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Giant Short-Faced Bear

 Giant Short-Faced Bear  - bears species | datvis jishebi | დათვის ჯიშები

Giant Short-Faced Bear

The Arctodus simus inhabited North America from Alaska down to central Mexico. Fossils have been found over a very wide range (as far east as Virginia), but have been found at a much greater magnitude in the western states, especially California. Enormous specimens have been found in Alaska and Yukon.

Also known as the bulldog bear or short-faced bear because of its short, broad muzzle the Arctodus simus had a low forehead with eyes set far apart and facing forward giving it excellent vision. It measured 5.5 feet at shoulder height when standing on all 4 and up to 12 feet when on its hind legs with a reach of over 14 feet. Though it weighed as much 2,000 pounds, it had a leaner build than the brown bear. It had much longer limbs than today's brown bears allowing it to run faster (over 40 miles per hour).

Though the Arctodus simus might have been omnivorous, the vast majority of its diet was meat. Its longer legs would have allowed it to cover a larger territory in search of prey and carrion. It had the capability of catching and killing bison, deer, elk, muskoxen, and other large animals. However, it was probably more of a scavenger. Because of it's size, it could easily chase other predators off their kills.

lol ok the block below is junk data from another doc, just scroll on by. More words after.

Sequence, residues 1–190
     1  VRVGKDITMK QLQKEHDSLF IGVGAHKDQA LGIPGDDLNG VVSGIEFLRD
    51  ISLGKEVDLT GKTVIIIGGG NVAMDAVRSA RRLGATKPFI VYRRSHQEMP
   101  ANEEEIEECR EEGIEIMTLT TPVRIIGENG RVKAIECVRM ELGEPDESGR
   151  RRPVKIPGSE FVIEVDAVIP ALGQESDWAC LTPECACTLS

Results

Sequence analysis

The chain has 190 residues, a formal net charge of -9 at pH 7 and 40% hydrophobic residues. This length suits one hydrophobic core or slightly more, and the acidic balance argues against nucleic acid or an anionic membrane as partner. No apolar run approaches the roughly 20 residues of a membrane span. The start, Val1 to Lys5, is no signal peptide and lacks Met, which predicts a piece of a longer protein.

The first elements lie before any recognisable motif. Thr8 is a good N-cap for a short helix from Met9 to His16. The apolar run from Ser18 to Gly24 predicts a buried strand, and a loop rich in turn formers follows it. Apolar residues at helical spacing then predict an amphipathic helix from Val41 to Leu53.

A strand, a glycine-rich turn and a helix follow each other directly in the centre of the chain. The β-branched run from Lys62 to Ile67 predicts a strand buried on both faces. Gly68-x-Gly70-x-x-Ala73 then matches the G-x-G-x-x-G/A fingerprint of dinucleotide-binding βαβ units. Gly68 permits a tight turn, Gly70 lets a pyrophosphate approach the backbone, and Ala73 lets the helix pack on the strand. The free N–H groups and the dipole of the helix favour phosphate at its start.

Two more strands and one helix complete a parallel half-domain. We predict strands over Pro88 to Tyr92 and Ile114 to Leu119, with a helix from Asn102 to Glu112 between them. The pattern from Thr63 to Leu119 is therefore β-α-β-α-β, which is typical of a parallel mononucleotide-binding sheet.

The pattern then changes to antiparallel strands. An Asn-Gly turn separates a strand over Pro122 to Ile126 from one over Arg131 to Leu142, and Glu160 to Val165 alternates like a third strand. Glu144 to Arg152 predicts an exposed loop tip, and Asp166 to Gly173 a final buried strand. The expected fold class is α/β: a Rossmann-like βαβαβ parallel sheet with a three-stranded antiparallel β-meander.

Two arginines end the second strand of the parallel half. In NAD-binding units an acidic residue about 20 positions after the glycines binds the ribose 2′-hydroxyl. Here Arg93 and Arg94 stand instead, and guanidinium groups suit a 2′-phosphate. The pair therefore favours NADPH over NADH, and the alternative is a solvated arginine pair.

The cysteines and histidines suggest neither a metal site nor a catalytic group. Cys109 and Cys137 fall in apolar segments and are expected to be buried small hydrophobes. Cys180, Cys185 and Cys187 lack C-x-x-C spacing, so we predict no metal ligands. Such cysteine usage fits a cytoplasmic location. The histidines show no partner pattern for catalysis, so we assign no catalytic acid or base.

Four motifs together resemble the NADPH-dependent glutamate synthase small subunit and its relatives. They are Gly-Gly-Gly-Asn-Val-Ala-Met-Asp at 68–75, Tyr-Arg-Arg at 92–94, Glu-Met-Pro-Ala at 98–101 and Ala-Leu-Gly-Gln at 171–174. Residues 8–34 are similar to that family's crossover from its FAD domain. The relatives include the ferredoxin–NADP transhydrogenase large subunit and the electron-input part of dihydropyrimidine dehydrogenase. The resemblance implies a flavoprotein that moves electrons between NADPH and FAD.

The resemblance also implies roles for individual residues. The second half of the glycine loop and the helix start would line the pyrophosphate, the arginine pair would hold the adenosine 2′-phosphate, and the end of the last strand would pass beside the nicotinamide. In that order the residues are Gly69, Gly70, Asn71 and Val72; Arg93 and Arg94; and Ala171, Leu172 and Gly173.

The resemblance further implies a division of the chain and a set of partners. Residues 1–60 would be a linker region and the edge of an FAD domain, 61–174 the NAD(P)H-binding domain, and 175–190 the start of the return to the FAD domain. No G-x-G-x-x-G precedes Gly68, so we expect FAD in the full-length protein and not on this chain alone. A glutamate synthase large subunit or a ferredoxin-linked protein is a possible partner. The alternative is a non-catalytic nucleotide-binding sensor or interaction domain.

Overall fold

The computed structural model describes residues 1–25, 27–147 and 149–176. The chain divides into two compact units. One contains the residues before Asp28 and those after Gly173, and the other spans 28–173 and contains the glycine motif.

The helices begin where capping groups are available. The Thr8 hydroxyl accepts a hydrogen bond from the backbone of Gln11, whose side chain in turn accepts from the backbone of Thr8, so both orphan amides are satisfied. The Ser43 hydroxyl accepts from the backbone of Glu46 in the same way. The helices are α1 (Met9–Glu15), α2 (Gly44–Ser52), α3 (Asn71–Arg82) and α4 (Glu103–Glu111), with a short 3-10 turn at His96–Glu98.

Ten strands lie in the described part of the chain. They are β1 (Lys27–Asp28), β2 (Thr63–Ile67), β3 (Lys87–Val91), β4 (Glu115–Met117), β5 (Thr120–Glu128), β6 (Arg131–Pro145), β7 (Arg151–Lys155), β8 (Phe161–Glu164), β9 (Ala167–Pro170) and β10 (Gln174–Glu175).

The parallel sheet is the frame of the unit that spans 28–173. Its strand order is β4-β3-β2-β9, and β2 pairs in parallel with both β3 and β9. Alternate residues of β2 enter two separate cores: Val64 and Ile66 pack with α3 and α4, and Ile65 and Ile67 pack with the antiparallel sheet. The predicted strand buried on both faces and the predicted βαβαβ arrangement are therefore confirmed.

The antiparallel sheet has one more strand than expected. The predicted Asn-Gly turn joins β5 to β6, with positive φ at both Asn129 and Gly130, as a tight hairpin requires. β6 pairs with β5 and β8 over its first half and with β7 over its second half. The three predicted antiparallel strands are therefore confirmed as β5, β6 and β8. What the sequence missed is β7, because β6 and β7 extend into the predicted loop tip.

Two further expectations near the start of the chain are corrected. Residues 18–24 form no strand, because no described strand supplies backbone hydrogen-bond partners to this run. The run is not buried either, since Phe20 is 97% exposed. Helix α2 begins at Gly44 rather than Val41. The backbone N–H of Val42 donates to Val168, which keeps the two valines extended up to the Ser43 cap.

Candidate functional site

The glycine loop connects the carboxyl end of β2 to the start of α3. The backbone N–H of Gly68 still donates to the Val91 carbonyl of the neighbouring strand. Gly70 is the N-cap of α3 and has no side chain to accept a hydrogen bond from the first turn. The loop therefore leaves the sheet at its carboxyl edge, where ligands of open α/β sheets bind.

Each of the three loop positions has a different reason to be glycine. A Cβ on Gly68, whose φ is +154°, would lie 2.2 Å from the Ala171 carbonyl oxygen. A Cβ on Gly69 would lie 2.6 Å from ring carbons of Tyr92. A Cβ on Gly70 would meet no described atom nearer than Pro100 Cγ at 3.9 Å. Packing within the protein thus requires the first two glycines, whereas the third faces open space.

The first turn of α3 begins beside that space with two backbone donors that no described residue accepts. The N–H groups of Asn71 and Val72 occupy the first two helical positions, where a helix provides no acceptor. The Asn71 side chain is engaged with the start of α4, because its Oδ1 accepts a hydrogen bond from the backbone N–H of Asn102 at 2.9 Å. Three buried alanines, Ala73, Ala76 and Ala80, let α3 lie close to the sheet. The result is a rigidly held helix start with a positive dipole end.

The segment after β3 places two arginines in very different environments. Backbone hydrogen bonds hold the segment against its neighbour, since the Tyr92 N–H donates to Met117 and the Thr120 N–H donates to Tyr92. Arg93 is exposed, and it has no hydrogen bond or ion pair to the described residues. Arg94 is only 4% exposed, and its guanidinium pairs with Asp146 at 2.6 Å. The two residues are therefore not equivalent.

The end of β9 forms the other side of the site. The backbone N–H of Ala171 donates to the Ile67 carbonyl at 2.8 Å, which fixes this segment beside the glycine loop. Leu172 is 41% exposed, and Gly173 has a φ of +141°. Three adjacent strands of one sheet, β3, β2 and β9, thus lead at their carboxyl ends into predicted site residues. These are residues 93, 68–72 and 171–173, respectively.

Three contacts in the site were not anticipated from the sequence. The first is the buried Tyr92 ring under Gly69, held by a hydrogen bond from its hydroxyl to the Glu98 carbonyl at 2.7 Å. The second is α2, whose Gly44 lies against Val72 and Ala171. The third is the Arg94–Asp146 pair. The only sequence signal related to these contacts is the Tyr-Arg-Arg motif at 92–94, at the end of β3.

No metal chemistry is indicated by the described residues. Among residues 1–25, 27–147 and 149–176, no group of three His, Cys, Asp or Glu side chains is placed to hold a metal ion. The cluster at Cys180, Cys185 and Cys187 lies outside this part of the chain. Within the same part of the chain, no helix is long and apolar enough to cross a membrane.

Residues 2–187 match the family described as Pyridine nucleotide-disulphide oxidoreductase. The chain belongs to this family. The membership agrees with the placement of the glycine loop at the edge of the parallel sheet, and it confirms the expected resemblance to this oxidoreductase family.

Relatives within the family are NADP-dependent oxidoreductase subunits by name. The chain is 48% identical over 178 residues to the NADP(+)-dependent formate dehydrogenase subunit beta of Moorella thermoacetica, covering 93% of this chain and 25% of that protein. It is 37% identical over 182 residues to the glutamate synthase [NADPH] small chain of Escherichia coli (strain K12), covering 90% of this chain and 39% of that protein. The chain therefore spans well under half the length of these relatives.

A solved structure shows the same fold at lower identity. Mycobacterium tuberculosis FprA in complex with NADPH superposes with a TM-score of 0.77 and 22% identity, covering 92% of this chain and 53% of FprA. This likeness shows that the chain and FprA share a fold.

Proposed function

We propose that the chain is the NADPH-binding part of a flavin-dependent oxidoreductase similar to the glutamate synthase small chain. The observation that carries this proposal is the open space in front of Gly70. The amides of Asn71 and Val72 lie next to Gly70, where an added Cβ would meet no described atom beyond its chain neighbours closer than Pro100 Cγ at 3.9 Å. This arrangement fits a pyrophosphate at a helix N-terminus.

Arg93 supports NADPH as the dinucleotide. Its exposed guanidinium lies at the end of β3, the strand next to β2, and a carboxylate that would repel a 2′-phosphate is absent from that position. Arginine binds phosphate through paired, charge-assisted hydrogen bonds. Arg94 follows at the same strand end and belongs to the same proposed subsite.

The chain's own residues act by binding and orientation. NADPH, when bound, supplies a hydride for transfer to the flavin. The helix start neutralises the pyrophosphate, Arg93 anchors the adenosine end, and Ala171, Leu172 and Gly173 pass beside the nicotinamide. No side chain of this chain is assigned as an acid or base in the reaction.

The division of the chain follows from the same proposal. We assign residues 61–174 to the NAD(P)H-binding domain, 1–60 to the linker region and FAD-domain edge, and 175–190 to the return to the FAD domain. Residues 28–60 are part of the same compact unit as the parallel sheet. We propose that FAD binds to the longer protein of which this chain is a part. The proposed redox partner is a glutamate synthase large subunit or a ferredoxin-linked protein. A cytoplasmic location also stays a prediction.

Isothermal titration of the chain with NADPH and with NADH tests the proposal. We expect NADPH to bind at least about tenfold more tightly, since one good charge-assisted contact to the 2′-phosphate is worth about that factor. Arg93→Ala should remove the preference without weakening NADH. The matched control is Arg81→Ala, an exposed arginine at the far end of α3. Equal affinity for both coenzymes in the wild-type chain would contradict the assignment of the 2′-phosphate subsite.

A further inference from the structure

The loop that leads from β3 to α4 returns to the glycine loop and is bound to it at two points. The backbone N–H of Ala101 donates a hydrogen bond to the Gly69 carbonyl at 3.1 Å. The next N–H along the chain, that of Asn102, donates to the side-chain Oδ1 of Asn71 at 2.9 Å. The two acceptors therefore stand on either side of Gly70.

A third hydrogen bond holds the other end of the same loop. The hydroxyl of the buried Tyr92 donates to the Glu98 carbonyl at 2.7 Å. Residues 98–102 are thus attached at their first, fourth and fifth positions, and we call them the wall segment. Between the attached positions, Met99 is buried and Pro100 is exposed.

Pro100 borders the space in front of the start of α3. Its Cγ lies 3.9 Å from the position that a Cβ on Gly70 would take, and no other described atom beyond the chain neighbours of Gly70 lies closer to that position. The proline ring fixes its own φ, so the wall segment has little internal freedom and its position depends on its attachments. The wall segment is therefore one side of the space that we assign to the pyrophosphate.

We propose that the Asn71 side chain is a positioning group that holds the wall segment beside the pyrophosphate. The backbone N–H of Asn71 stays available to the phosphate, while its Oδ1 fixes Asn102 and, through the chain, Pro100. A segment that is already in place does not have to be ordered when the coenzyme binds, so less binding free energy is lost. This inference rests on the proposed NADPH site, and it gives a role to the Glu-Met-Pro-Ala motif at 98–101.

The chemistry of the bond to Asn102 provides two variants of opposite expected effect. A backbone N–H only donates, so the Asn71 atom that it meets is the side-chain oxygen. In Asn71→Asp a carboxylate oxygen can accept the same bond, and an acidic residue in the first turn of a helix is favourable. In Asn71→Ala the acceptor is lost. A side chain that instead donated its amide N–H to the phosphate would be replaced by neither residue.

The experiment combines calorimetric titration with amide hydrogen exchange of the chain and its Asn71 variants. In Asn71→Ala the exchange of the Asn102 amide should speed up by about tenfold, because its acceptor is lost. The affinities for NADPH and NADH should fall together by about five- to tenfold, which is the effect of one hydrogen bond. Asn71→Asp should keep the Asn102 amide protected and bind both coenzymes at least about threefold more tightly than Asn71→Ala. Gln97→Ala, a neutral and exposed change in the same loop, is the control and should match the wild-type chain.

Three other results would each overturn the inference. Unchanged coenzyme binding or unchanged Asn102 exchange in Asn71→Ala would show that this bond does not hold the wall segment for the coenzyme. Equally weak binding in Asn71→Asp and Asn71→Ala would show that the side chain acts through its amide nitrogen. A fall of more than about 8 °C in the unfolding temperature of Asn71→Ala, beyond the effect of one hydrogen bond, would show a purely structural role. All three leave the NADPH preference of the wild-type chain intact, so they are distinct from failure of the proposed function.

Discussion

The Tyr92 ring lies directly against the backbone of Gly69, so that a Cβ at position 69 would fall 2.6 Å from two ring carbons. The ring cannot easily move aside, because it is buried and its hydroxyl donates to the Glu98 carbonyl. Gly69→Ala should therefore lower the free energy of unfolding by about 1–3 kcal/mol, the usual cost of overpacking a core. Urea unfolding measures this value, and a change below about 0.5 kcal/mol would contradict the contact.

Its competition with smaller animals entering North America across the Bering Straight and the dying off of some of its prey both may have led toward the extinction of Arctodus about 12,000 years ago. This is also about the time that humans in North America greatly improved their hunting techniques which could have contributed to the bear's extinction both directly and by exhausting its food supply.

The closest living decendent of Arctodus simus is the spectacled bear.

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